A new type of killer whale that preys on large mammals including dolphins and elephant seals has been discovered in the US.
The species, which were found on the west coast, have been named "outer coast transient whales" by Canadian researchers.
They also hunt baby grey whales and prefer to stalk their prey in the Pacific's deepwater canyons, instead of hunting close to sure.
The whales have a unique vocal dialect and are believed to be a part of a larger group of transient orcas known as Bigg's killer whales.
But for decades, it has been assumed that any mammal-eating killer whale found near southeast Alaska to Southern California came from a single west coast population of transients, reports Hakai Magazine.
"Killer whales are found all over the world," says Josh McInnes, a master’s student at the University of British Columbia, who led the study.
"They spend most of their time in coastal waters, but we’re now finding that they do inhabit the offshore oceanic waters. And there’s basically nothing known about them out there.
"When you look at the open ocean, you can’t see anything but water," says McInnes.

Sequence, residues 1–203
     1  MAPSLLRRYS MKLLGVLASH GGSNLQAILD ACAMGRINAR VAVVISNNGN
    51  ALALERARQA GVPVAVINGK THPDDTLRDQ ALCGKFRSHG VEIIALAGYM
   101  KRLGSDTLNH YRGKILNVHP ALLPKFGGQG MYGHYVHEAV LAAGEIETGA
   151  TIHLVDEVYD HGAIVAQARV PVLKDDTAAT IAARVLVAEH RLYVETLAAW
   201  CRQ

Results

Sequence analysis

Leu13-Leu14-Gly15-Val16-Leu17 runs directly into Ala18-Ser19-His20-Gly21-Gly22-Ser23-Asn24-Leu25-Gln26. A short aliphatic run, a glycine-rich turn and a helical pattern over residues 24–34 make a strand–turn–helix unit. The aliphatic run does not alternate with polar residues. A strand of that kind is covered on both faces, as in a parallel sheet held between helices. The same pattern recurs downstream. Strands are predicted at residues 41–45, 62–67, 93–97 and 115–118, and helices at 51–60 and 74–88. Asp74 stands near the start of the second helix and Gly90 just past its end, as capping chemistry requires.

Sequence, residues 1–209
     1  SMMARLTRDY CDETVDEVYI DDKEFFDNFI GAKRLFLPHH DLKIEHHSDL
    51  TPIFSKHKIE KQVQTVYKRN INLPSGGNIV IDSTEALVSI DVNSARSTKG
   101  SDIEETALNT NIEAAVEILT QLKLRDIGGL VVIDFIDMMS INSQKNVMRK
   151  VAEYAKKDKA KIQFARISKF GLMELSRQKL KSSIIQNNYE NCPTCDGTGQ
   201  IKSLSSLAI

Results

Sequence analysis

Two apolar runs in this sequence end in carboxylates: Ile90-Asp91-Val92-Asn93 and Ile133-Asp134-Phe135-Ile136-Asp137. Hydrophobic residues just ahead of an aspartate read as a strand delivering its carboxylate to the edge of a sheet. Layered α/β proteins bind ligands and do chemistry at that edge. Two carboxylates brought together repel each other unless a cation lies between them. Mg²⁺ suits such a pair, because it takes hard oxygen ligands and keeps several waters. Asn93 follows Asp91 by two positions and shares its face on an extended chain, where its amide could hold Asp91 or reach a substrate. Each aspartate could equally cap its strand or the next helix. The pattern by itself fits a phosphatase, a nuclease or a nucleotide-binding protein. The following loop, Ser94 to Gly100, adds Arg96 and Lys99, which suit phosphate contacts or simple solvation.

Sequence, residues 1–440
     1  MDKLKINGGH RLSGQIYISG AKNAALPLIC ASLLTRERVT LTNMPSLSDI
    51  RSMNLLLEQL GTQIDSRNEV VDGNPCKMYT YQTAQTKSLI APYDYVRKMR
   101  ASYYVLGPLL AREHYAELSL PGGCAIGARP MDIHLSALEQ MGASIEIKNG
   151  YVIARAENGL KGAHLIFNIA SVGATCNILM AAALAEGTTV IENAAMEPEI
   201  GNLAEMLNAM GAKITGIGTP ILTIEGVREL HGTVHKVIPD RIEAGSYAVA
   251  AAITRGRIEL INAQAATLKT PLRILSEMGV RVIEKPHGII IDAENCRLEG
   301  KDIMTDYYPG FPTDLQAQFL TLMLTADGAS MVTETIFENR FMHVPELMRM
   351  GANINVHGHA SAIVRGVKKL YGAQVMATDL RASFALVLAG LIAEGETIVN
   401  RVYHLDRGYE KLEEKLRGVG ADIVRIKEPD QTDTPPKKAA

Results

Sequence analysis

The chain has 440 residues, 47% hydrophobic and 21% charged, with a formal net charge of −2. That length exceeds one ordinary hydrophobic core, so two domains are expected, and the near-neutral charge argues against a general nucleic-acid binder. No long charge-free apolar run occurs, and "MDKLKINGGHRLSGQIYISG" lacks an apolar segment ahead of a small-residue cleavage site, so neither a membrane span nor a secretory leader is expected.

"But below the surface, deep down, there is a whole interesting bathymetry that supports life."
Scientists studied more than 100,000 photographs taken off the Canadian and US west coasts and of the 150 encounters from 2006 to 2018, the majority of the new killer whales were observed in the offshore waters between Oregon and central California.
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It was reported that only 26 have ever been seen in the coastal waters of the northeast Pacific.
Aside from having unique dietary preferences, outer coast and nearshore transient killer whales were also found to have distinct dialects.
Scientists highlighted that the calls of some outer coast killer whales are higher pitched than their cousins.
"I think it’s really exciting," Lawrence Dill, a behavioural ecologist at Simon Fraser University told Hakai Magazine.
"Top predators are so important to the functioning of ecosystems.
"It’s important to understand where these different groups of orcas are potentially having impacts that would transmit through entire communities."
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